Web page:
Brie Larson became a powerful woman on Captain Marvel
- Bang Showbiz
- 6 February 2019
Brie Larson is very proud that she was able to complete intense weight lifting sessions for her role as the titular hero in 'Captain Marvel'
Brie Larson believes her fitness training for 'Captain Marvel' broke boundaries of what it means to be a woman.
The 29-year-old actress endured nine months of intense exercise for her role as Carol Danvers – a former US Air Force fighter pilot who turns into one of the galaxy's mightiest heroes – in the upcoming Marvel Cinematic Universe movie and she eventually got to a point where she was able to lift over 225 pounds and hip-thrust over 400 pounds.
Despite her physical transformation, the 'Room' actress insisted that the film "is not really going to look very different" because of her new found strength, although she felt it was "meaningful" for a woman to be muscular and able to "own [her] body".
In an interview with InStyle, she said: "The movie is not really going to look any different with the fact that I can actually lift 225 pounds. It doesn't matter to anyone else, but it did to me. Breaking that boundary of what it means for a woman to be muscular and strong and own your body and use it as a tool, that felt meaningful."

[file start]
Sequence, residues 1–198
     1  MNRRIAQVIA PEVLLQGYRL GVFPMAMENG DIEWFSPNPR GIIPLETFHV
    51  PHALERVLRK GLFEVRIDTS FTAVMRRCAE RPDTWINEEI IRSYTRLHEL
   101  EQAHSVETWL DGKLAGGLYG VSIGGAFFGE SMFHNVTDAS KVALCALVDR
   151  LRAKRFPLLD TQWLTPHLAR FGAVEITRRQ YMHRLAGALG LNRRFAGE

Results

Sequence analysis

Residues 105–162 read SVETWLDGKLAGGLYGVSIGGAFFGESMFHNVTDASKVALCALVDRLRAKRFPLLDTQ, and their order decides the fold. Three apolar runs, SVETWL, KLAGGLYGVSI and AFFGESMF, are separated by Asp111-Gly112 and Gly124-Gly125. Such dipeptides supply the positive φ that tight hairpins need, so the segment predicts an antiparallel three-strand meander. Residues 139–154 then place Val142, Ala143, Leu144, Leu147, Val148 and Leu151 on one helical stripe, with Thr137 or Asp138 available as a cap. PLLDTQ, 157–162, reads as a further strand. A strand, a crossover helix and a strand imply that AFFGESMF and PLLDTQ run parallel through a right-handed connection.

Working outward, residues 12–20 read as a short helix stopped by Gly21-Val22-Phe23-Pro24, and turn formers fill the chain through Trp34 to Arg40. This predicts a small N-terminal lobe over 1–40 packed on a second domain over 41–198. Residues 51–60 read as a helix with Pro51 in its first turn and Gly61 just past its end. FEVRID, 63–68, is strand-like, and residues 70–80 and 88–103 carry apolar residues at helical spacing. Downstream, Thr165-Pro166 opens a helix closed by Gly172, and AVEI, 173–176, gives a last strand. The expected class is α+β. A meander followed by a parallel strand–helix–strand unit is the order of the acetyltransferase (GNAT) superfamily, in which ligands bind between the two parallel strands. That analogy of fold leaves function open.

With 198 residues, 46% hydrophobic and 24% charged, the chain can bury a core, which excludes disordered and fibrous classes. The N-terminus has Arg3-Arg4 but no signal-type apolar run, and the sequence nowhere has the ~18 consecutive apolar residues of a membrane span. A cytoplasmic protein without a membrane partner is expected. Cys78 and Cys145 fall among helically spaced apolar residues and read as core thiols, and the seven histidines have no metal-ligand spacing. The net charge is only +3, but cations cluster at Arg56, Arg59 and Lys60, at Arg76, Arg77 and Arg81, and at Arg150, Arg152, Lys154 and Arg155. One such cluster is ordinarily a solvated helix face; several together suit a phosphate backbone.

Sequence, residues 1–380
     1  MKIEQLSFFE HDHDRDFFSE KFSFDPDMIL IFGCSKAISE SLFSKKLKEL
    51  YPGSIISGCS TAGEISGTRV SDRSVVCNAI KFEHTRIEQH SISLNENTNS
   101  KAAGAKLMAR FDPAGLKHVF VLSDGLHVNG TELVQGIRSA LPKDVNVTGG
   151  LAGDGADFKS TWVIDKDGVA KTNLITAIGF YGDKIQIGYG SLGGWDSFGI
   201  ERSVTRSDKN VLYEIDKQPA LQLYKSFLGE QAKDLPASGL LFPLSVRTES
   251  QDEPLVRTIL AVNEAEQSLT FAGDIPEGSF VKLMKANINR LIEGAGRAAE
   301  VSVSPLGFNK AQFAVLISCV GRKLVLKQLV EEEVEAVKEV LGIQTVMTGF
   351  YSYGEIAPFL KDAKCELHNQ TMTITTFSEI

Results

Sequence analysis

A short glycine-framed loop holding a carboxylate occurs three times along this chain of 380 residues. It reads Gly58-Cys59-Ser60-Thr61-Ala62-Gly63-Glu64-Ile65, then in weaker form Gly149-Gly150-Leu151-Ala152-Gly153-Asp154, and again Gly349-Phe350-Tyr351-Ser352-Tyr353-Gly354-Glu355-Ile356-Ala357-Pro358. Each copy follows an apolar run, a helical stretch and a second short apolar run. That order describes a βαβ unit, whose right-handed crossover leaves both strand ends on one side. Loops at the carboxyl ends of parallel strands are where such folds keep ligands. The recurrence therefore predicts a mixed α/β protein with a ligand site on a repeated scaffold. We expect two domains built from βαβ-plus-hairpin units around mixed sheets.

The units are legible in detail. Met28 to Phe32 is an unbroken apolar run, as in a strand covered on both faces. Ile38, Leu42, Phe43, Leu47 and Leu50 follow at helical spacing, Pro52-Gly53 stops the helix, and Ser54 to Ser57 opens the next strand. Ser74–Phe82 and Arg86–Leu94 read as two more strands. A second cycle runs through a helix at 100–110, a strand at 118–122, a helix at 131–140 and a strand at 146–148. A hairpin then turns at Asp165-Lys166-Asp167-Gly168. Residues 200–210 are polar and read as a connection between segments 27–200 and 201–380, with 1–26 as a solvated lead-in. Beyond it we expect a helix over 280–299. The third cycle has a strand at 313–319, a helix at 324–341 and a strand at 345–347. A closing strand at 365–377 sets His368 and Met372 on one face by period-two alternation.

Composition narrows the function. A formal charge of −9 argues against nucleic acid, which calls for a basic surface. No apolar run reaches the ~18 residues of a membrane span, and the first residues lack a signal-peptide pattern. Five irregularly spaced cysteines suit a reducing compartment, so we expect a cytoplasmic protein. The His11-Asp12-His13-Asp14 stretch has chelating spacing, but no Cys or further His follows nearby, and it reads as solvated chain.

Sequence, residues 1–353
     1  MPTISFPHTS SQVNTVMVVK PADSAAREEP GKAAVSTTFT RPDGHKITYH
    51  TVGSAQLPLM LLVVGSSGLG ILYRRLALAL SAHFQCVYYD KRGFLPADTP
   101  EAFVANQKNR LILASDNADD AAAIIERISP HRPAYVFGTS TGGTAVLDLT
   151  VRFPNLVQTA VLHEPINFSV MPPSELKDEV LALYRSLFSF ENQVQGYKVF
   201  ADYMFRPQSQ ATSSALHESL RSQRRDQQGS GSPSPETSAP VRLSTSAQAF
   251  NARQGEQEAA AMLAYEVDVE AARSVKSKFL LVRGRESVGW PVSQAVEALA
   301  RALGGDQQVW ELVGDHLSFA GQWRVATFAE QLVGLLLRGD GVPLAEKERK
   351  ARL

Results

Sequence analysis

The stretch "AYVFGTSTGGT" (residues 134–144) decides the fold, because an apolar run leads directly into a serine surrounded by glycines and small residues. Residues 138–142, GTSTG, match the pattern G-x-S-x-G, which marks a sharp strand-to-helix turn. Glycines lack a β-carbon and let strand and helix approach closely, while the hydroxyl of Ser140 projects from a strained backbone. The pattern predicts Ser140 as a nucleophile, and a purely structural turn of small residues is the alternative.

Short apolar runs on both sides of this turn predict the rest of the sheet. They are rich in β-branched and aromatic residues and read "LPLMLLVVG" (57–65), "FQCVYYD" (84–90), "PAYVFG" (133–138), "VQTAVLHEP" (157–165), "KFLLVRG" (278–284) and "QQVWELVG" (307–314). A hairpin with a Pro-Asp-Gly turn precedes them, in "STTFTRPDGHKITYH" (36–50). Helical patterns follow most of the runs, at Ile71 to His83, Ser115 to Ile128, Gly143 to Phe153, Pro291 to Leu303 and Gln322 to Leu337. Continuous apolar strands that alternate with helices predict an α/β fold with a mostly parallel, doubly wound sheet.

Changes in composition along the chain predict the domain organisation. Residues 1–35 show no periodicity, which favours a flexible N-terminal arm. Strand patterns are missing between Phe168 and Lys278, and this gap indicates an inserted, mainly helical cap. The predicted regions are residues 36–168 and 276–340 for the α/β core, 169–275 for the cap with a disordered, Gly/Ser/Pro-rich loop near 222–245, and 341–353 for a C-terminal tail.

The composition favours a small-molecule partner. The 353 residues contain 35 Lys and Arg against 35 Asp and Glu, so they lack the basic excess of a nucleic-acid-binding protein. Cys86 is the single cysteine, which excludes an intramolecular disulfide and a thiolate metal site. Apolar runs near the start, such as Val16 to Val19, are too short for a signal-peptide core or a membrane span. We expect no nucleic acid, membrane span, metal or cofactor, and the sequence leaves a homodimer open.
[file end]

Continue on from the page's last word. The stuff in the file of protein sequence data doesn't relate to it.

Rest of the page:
The '21 Jump Street' actress went on to explain that she accepted the titular role was because of her character's own sense of humanity and ability to "atone" for her mistakes.
She said: "She didn't apologise for herself, I felt like that was a really valuable trait because she is incredibly flawed and makes a lot of mistakes ... and has to ask to atone for them, and that is super valuable. She's not ever shrinking herself down."
Brie added that the opportunity to play the first female superhero to have a stand-alone film in the Marvel Cinematic Universe was the perfect way to incorporate activism into her work.
She said: "The movie was the biggest and best opportunity I could have ever asked for; it was, like, my superpower.
"This could be my form of activism: doing a film that can play all over the world and be in more places than I can be physically."